Some of the most popular niches include:
- Personal Finance
- Health and fitness
- Blogging and working online
- Wedding planning
- Beauty and fashion
Now, these are super broad niches and they can be broken down into hundreds, if not thousands, of smaller niches.
In the parenting niche, for example, you might find blogs about raising free-range kids, homeschooling, kids’ crafts, adoption or taking care of kids with special needs.
In the finance niche, there are blogs that focus on getting out of debt, investing and financial minimalism.
But why do you need a niche?
Your niche is what allows you to stand out from all the other blogs that are competing for your ideal reader’s attention. It’s what keeps them coming back again and again for fresh content.
If you’ve got no clue what niche you want to write about, these questions can help you narrow it down:
What do you love?
Your niche should be something that you love to write about and something that you’re excited to share with other people. You don’t necessarily need to be an expert on the subject (although that doesn’t hurt.)
Enthusiasm can outweigh expertise in the beginning and if you research and write about something often enough, you eventually become an expert.
(I’ve built a six-figure career as a freelance writer without a journalism degree because I’ve spent years learning about personal finance.)
So, think about what you really love and write about that.
How is your niche unique?
One of the most frustrating things about starting a blog is feeling like everyone else is already doing what you want to do.
You get a great idea for a finance blog or a productivity blog and then you start looking on Google and find a dozen people who are already blogging about that topic.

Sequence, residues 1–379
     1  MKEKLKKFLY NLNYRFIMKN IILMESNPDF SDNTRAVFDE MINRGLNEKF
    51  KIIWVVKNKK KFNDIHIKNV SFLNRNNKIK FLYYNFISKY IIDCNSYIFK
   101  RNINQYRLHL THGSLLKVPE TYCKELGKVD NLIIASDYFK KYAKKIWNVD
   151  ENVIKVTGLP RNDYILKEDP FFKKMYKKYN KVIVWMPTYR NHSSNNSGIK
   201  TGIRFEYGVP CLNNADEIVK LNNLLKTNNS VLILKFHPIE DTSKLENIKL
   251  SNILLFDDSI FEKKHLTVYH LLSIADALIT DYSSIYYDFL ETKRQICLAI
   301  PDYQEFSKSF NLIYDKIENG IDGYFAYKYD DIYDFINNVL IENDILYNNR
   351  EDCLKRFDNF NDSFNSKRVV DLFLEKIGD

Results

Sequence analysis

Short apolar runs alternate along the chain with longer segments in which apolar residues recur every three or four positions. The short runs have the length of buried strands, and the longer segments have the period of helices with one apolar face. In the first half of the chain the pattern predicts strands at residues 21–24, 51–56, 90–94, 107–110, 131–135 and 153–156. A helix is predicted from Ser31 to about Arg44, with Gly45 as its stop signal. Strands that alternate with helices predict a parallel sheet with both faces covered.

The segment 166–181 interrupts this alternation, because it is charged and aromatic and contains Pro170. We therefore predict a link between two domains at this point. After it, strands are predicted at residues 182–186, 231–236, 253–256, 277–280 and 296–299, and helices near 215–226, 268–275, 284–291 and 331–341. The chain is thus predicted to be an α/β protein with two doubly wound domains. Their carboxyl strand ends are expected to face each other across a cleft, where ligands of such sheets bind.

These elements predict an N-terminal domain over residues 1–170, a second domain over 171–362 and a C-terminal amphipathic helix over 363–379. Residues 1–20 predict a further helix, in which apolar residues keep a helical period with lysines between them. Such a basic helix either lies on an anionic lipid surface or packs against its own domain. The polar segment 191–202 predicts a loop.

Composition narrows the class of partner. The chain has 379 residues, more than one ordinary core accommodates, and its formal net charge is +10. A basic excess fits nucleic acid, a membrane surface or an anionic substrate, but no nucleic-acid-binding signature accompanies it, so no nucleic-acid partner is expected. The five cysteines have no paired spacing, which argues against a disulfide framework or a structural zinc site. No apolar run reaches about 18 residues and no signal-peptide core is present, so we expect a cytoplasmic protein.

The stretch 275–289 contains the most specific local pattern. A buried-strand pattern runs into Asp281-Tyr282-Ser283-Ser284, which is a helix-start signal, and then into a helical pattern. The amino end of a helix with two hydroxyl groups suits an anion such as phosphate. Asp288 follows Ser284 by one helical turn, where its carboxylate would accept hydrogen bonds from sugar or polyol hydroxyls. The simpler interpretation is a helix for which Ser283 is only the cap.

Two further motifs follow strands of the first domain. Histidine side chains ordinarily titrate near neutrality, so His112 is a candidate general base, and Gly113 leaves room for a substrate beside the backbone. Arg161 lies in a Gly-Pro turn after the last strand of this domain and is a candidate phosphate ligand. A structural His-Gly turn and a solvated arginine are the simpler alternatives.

The key is to figure out what sets you apart from everybody else.
Do you have a unique back story that makes you an expert on this particular topic?
Or have you gone against the grain and taken a different approach on a common topic?
You need to figure out what makes your niche special.
Is it something people want to learn about?
All blogs need an audience but not every niche gets the same amount of attention.
Those popular niches I listed earlier can pretty much count on getting a steady flow of traffic. Once you start niching down, you have to think about how many people are actually going to be interested in your blog topic.
Go too broad with your niche and you might get traffic but you may have a harder time connecting with your ideal reader.
Go too narrow and your traffic may end up looking anemic.
The goal is to find that sweet spot in the middle.
Can you monetize your niche?
I know I said earlier that if you’re going to start a blog just to make money, then you shouldn’t buuut of course you want to make money. So your niche has to be one that’s got potential to be profitable.
Think about your niche and ways you could make money with it.
Could you put sponsored posts or ads on your site?
Are there are affiliate programs in your niche?
Or could you develop products or services for your niche?
If you can’t think of at least one way to monetize, you may need to do some fine-tuning with your niche.
3. Think About Your Brand
Branding is something you’ll hear bloggers and marketers talk a ton about.
If you’re going to start a blog, you need to have some sense of what your brand is all about.
Your brand includes:
- Your domain name
- Blog theme
- Color scheme
- Blog images
- Voice and tone
Thinking about all of that can be overwhelming if you’re at square one with starting a blog.
For now, let’s focus on the simplest thing: your domain name.
What’s in a domain name?
A lot, actually. When you’re picking a domain name, choose one that says what your brand is all about.
Some bloggers just use their names. My name was already taken, as were about a half-dozen other names I came up with.
Boss Single Mama doesn’t completely describe what this blog is about but I chose it because I’d been thinking about names for two months and I was ready to just do the damn thing.
Don’t make picking a blog name harder than it has to be. You’ll just waste time that way.